From Maloni the citizen, not the Maloni the GSE advocate
I am a Pittsburgh kid, born and raised.
When my family moved from the house in which I was born, I went to Allderdice high school in Squirrel Hill, where I still have many friends most all of whom are Jewish (my father was an Italian Catholic and my mother was Jewish).
Went to and graduated college in the City.
Nearly 50 years ago, I came to DC to work for the then Pittsburgh Congressman, who was on the House Banking Committee.
My only (late) brother had his bar mitzvah at the then tiny Tree of Life synagogue in Pittsburgh’s Oakland neighborhood—our original community--the congregation later moved to Squirrel Hill and merged with two others and was housed in the “Tree of life” building where last week’s fatal atrocities happened.
Long before that horrendous tragedy, I planned this pre-election blog and broadly what I wanted to say.
Last Friday’s Pittsburgh murders by a bitter anti-Semite, plus the bombs sent to national Democrats by a thug weightlifter who had been kicked out of his family home by his mother, and the racist killings in a Louisville, Ky., Kroger supermarket to me are part of the same devil’s brew about which I planned to inveigh.
But in the aftermath of those same week tragedies—reading/watching the current national discussion about our personal responsibility and thinking about individual actions when faced with the bigotry and hatred—I softened some of my animus and intent.
I vowed I would take a stand but not add to the violent partisan and decorum-reducing tone going into the November 6 congressional elections.
I made up my mind to not take a predictable way out, not join the mob, or heavily vilify President Donald J. Trump's aberrant personality, bizarre manifestations of his presidential authority, and the anger and division which have marked every day of his presidency.
Ergo, I won’t repeat the long list of Trump actions--domestic, international, and personal--I’ve touched in my prior blogs.
He did not kill anyone or send bombs in the mail.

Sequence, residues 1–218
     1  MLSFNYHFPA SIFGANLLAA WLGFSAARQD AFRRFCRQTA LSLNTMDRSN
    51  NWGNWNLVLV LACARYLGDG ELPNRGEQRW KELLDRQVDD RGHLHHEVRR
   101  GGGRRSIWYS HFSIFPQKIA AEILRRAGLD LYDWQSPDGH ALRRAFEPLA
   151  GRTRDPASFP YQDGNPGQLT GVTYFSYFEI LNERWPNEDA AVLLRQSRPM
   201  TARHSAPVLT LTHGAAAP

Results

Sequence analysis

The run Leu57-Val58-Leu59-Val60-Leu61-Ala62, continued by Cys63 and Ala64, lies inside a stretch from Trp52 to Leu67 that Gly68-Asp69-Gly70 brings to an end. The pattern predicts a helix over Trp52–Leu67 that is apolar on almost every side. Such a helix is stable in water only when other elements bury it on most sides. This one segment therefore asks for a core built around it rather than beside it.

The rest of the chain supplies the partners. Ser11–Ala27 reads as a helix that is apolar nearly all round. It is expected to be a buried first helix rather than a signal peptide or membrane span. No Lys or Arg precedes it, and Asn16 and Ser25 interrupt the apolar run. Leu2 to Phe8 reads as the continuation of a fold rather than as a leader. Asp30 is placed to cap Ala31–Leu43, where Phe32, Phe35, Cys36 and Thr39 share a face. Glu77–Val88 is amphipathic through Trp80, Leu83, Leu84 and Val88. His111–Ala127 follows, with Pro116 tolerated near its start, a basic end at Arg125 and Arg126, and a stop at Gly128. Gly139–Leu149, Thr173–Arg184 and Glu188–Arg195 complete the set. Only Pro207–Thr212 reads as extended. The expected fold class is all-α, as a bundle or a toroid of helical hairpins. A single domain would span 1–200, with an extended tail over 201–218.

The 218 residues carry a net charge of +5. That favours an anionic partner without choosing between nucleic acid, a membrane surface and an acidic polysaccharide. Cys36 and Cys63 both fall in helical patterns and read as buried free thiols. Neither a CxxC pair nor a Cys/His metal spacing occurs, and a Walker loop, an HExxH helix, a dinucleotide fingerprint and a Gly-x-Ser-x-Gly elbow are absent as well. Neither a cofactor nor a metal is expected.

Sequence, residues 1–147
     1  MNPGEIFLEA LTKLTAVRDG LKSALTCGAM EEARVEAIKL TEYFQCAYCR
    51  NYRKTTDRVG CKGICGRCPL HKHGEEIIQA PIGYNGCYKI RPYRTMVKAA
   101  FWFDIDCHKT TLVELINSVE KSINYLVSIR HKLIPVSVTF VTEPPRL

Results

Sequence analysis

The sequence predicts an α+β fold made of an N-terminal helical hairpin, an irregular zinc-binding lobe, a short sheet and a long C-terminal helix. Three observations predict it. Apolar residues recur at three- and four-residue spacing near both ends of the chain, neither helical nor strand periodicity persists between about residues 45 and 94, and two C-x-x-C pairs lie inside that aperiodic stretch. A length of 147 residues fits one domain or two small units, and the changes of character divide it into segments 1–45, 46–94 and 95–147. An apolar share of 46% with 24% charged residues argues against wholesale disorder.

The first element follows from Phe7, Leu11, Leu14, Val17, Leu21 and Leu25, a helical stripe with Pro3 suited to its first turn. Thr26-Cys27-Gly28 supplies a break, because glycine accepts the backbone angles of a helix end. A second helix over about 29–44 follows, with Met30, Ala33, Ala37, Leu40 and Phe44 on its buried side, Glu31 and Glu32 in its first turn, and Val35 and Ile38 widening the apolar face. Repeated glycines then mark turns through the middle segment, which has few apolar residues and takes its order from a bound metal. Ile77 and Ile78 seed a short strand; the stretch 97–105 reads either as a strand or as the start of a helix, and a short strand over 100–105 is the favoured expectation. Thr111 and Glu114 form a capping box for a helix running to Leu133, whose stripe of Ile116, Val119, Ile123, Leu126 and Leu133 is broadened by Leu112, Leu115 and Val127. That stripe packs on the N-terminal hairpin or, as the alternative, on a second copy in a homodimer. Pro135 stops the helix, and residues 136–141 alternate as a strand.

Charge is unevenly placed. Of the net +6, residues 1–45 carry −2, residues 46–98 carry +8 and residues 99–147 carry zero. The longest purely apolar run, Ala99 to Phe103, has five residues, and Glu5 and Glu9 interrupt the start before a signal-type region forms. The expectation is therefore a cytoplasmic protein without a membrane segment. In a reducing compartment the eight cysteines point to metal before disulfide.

I hope you'll vote next week against all of the President’s congressional enablers, Republican would-be office seekers, and I can convince you to communicate the same with your personal network.
First, vote against whichever Republican is running in your congressional district, not because that individual is heinous but because once he or she gets to DC they'll be forced by GOP leaders to frolic in the swamp that produces policies that, mainly, are poisonous and noxious to civil discourse.
More importantly, I ask you to write, call, email, tweet--whichever is your favorite, easiest communication method--your friends, colleagues, business associates, and family around the country, to vote and do the very same.
It’s called leveraging.
It's the most immediate and constitutionally accepted way of injecting some balance into our daily lives and to expel some of the venoms.
In doing what I propose, we may lose some decent moderate Republicans—but few have stepped up to embrace that mode and speak out--and for that I am sorry, but that’s a small price to pay if we get back our country’s traditional political fairness and bipartisan respect.
Collectively, President Trump--despite his success at implementing several of his campaign promises, which traditionally is a hallmark of an effective politician—and the incumbent congressional Republicans have been partners in creating a toxic set of conditions that violate a skein of American historic ideals and democratic principles.
This Administration daily spouts outrageous lies which get choreographed and amplified by its faux media allies and right-wing posse.
From a longer range perspective, including economically with spending we can’t afford, norm-busting which hurts the least able and most vulnerable among us, and the failure to lead, not just read words from a teleprompter, I think perpetuation of the GOP-dominated Congress is deadly for our nation's future, ergo my wish to you all.
I’ll blog to you after the election, when we might be able to talk about GSE issues again, facing a saner political future.